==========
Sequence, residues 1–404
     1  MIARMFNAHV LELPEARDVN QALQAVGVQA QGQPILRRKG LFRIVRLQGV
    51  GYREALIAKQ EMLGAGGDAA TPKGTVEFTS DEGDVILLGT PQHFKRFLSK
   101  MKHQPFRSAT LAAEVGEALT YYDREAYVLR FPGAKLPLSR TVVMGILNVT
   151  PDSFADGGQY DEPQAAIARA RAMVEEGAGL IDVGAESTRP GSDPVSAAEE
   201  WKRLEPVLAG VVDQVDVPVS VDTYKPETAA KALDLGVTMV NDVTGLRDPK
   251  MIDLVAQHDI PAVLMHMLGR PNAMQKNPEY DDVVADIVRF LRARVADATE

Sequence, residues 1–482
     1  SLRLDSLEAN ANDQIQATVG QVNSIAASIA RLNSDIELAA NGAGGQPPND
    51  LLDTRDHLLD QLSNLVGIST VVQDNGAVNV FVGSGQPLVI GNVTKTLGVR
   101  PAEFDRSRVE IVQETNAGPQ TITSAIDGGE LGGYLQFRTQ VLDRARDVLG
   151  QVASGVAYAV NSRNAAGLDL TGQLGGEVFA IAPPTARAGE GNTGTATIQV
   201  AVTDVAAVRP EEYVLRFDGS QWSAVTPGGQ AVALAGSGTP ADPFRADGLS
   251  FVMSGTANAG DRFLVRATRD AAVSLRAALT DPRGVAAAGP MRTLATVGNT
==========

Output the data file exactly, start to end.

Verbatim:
Sequence, residues 1–404
     1  MIARMFNAHV LELPEARDVN QALQAVGVQA QGQPILRRKG LFRIVRLQGV
    51  GYREALIAKQ EMLGAGGDAA TPKGTVEFTS DEGDVILLGT PQHFKRFLSK
   101  MKHQPFRSAT LAAEVGEALT YYDREAYVLR FPGAKLPLSR TVVMGILNVT
   151  PDSFADGGQY DEPQAAIARA RAMVEEGAGL IDVGAESTRP GSDPVSAAEE
   201  WKRLEPVLAG VVDQVDVPVS VDTYKPETAA KALDLGVTMV NDVTGLRDPK
   251  MIDLVAQHDI PAVLMHMLGR PNAMQKNPEY DDVVADIVRF LRARVADATE

Sequence, residues 1–482
     1  SLRLDSLEAN ANDQIQATVG QVNSIAASIA RLNSDIELAA NGAGGQPPND
    51  LLDTRDHLLD QLSNLVGIST VVQDNGAVNV FVGSGQPLVI GNVTKTLGVR
   101  PAEFDRSRVE IVQETNAGPQ TITSAIDGGE LGGYLQFRTQ VLDRARDVLG
   151  QVASGVAYAV NSRNAAGLDL TGQLGGEVFA IAPPTARAGE GNTGTATIQV
   201  AVTDVAAVRP EEYVLRFDGS QWSAVTPGGQ AVALAGSGTP ADPFRADGLS
   251  FVMSGTANAG DRFLVRATRD AAVSLRAALT DPRGVAAAGP MRTLATVGNT